An Honest Look At My Relationship With Writing

I think it’s safe to say that most writers remember the first time they touched lead or ink to paper with intent to tell a story, not for homework, but for personal reasons.  Be it a journal or a story to pass the time during Saturday detention, the exciting realization of giving your thoughts and feelings a more tangible playground can be an addicting new experience.

For me, it started when I saw the movie “Stand By Me.”  I began to think of the adventures my friends and I could go on.  It would lead me to write a story of the 5 of us being spies sent to our high school to take down murderous power hungry teachers.

It was as terrible as it sounds.

From there it was sophomoric philosophy, poetry, lyrics… all of which have never seen the light of day.  Writing became a way to express myself, as is most often the case, but it came with a catch.  Once the idea began to manifest, I found the birth of my creation so satisfying that I would set it aside, and sadly, forget all about it.

After my divorce, I decided to attempt my first novel.  With uncharted thoughts and emotions, writing is how I made sense of them.  My main character was a struggling writer who, after a divorce, attempted to find his voice through his writing.  5 chapters in and I had a fleshed out, insecure, bad decision making main character, and I began to understand my life a bit more.  I clicked “save” and closed the file, never to open it back up.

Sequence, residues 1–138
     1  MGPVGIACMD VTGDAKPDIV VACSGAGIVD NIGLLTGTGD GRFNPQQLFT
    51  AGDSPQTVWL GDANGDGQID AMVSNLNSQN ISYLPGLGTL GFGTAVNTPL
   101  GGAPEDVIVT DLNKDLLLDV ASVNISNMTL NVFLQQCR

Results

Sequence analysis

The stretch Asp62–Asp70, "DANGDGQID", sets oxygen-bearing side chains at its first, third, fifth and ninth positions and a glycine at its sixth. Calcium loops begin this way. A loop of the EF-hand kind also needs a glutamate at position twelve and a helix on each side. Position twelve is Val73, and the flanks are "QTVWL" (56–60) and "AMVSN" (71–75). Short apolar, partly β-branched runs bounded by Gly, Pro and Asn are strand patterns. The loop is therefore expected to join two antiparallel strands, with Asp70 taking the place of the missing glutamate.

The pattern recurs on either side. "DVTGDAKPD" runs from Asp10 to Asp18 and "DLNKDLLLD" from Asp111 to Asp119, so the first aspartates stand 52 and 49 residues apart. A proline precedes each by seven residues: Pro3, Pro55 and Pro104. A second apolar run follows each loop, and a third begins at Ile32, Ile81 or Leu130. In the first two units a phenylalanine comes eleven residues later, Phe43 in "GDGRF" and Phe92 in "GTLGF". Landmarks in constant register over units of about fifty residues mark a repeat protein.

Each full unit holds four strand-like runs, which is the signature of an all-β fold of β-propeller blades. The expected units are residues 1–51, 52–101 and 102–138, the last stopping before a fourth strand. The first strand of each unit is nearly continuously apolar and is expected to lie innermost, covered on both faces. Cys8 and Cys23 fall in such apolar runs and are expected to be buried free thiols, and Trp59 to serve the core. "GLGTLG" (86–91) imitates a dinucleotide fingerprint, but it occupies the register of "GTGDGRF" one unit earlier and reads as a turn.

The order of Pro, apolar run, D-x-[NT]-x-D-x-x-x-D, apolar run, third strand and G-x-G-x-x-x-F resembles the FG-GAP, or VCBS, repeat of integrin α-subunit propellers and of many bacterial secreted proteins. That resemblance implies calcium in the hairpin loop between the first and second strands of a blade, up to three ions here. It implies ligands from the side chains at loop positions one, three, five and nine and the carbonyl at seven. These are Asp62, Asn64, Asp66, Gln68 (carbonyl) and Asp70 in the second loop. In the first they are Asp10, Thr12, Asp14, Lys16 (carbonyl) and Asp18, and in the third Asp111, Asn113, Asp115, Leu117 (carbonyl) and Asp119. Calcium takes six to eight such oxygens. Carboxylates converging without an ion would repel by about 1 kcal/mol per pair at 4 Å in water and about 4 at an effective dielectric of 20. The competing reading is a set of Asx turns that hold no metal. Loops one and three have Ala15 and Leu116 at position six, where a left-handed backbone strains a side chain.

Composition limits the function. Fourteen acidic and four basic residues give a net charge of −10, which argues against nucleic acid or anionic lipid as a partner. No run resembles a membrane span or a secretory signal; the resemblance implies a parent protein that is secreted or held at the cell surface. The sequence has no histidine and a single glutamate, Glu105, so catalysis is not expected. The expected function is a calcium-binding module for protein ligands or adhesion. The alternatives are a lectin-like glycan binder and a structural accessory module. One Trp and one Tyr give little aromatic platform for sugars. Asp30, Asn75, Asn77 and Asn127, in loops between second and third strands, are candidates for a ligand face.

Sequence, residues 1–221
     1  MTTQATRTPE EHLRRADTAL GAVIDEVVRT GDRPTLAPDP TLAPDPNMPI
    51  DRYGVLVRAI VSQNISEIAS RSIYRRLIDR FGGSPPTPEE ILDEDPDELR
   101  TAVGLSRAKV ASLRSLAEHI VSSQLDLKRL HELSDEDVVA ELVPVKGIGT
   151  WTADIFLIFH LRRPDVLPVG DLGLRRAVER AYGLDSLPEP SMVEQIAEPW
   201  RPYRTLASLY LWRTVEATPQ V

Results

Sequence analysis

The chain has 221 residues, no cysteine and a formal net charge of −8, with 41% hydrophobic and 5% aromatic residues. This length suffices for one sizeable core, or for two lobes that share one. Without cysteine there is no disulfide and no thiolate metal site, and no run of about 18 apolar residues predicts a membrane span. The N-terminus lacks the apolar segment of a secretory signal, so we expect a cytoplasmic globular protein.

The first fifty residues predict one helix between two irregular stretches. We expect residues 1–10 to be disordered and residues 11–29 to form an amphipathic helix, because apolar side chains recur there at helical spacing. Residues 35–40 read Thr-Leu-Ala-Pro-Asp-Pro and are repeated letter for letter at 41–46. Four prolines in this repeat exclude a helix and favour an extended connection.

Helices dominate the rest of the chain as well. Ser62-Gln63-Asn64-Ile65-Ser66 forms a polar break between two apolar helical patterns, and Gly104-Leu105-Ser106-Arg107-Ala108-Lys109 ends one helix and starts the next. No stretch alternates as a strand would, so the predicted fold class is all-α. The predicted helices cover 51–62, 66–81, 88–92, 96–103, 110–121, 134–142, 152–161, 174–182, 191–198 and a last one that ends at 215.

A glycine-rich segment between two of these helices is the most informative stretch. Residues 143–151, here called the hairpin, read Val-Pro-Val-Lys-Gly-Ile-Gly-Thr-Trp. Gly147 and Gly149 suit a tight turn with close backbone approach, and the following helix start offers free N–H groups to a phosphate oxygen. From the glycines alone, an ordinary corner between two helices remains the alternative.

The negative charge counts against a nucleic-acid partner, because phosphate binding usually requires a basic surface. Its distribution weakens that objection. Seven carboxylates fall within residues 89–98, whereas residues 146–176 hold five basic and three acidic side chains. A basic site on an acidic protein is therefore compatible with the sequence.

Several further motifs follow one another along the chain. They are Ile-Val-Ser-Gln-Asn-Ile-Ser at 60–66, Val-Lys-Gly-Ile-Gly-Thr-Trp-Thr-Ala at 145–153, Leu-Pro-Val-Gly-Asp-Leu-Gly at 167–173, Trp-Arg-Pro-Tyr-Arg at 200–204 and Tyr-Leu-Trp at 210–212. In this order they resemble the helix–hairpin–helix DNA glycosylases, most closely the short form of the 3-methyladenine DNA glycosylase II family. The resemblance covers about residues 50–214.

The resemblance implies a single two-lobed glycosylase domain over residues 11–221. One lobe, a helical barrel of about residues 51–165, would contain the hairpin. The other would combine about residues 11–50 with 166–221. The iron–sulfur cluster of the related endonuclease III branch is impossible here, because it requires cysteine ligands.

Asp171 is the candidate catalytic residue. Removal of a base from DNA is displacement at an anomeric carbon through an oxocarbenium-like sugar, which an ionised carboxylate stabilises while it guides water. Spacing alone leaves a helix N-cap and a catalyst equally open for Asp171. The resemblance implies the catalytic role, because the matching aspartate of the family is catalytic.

There is a common piece of advice out there.  “Write what you know.”  I think that’s great for many writers.  It’s how you imbue a story with truth, but for me it turned into a therapy session that, though extremely beneficial, killed my drive.  It was only once I had a thought about a story idea that wouldn’t leave me alone, that I began to put forth the immense effort to make it a reality.  Like a baby, my story woke me up in the middle of the night to take notes on fleeting ideas that risked becoming lost in the ether of sleep.  It required care and unrelenting attention until I now find myself here.

The comic book I’m writing is now two volumes deep into the 1st rough draft, and two issues into the 2nd script draft.  Every step I take to putting my words out there for others to read, the stronger my desire to finish the story becomes.  It would seem to me that my relationship with writing is not unlike my relationship with love.  When I was young, I was terrible at it.  As I got older, I was better, but wasn’t taking it seriously.  As an adult currently in love with a woman who reinvented my idea of love, I realize that writing is just as complicated to figure out.  However, as long as you are honest, work hard, and continue to grow,  a completed story can be a beautiful thing to it’s author.


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